I am a huge fan of Breaking Bad and I am currently watching season -3. One thing that I have noticed is that there are several scenes where characters talk in Spanish and some of these scenes are quite important for following the story, but they never show language translations or subtitles. Why is it that? What is the reason for not translating the Spanish dialogues for the viewers.
It's a deliberate directorial device. We're experiencing the world through Walt and Jessie's eyes, so it allows us to appreciate their confusion, suspicion and fear through the powerlessness they feel when events are unfolding around them - with little understanding and consequent lack of control. We're left to interpret the body language (of which 70% of communication arises) and the odd words that are similar in both languages. Just as we would in the same situation. shudder
You have not really said who "they" is, but on the Breaking Bad Wiki as well as the Blu-ray they are shown.
I've only seen the show as the DVD box set, so the original showing may have been different, but some of the scenes are subtitled, and some aren't. This doesn't seem accidental, or sloppy - like everything in the series, it has meaning and it adds to the development of the story.
The most powerful examples of this are two scenes with the Cousins.
At the end of S3 06, Gus meets the Cousins in the desert, in a very tense confrontation. It's not subtitled, but it doesn't need to be. We know the Cousins want to kill Walt, and we know Gus needs him alive, at least for the time being. They argue about it, Gus says something that makes them think... then he says Hank's name, very clearly. And we know that he's given them Hank, to kill, instead of Walt, and the credits roll.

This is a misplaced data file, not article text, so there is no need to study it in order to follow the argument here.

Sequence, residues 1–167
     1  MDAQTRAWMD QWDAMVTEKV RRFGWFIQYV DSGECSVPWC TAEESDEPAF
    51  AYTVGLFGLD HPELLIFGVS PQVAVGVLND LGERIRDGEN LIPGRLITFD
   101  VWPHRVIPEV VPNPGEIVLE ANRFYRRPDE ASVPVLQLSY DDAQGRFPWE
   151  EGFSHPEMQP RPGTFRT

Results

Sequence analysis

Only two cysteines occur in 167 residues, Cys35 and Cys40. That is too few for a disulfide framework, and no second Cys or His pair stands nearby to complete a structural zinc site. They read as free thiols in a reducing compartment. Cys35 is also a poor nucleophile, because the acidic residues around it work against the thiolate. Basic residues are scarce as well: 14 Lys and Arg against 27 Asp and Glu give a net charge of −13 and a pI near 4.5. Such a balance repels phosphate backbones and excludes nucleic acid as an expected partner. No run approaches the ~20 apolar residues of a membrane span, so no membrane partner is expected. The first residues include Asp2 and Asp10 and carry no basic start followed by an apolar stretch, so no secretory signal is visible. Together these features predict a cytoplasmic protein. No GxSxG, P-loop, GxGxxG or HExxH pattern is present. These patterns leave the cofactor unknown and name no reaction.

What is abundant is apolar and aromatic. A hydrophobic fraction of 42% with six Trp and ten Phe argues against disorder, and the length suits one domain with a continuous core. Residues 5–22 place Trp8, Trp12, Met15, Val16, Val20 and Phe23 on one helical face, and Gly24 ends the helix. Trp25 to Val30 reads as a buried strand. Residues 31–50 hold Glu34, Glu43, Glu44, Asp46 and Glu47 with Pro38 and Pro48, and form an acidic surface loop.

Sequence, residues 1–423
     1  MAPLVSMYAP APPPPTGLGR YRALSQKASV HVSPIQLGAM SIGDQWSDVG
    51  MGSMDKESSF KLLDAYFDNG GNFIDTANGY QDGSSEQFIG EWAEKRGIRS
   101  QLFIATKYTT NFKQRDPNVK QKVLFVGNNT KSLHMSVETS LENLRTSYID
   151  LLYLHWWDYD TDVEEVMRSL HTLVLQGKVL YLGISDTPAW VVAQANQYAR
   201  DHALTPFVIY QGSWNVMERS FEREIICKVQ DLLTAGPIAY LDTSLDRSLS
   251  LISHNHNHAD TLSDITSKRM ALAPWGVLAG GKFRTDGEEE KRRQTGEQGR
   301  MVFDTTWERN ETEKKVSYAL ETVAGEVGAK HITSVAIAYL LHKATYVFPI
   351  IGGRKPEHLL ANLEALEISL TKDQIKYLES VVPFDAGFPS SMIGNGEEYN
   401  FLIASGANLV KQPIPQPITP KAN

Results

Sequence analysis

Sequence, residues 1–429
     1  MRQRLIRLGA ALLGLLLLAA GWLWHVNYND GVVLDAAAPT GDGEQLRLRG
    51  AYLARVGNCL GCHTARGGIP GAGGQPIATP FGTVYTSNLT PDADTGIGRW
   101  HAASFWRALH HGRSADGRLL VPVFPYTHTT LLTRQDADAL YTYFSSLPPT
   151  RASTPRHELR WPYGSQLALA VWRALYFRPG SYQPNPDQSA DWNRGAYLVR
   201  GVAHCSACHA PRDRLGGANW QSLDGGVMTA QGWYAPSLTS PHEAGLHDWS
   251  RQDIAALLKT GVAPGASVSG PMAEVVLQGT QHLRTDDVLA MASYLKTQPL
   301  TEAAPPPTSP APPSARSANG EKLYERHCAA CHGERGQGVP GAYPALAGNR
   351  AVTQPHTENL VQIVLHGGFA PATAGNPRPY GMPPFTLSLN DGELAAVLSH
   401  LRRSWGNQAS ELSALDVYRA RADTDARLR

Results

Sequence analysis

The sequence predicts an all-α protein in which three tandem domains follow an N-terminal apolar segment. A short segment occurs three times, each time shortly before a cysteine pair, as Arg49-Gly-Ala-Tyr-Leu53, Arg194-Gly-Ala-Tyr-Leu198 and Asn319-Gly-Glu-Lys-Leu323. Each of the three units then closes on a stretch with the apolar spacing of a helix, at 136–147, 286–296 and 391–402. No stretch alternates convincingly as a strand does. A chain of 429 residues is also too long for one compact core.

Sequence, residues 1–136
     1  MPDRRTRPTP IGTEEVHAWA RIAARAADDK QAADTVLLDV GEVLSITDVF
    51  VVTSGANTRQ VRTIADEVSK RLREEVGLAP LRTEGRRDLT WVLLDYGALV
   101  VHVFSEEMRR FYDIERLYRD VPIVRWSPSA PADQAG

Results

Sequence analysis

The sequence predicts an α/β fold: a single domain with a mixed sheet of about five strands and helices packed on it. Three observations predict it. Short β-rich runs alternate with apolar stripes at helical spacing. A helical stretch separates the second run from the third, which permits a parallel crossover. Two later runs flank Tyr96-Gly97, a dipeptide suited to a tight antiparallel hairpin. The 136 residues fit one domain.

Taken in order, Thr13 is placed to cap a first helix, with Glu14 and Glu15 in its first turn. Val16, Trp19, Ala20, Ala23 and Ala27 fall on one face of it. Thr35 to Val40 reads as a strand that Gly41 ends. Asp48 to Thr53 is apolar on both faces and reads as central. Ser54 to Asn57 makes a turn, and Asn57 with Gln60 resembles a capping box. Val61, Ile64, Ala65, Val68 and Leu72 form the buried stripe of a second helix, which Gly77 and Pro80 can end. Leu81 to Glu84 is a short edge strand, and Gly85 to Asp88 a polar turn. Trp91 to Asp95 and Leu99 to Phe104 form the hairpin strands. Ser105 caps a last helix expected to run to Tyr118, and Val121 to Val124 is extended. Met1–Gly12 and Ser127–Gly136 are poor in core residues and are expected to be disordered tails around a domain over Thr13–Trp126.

The very next scene (the first scene of S3 07) is subtitled throughout. The Cousins, as small boys, squabble over a toy, and one (Marco) runs to their uncle (Hector) to complain, and says he wants his brother (Leonel) dead. Hector calls Leonel to him, and plunges his head into a barrel of water, holding him there, asking Marco if that's what he wants. Marco pummels Hector desperately until he releases Leonel, and asks him tearfully if he's all right. Hector tells them: 'Family is all'. Not only does this tell us why the Cousins, and the cartel, are such implacable enemies... it also horrifies us to see the innocence of two little boys who we know will become utterly evil and remorseless. But the entire scene would be incomprehensible without the dialogue, so the subtitles are essential.
protected by Community♦ Aug 20 '13 at 13:11
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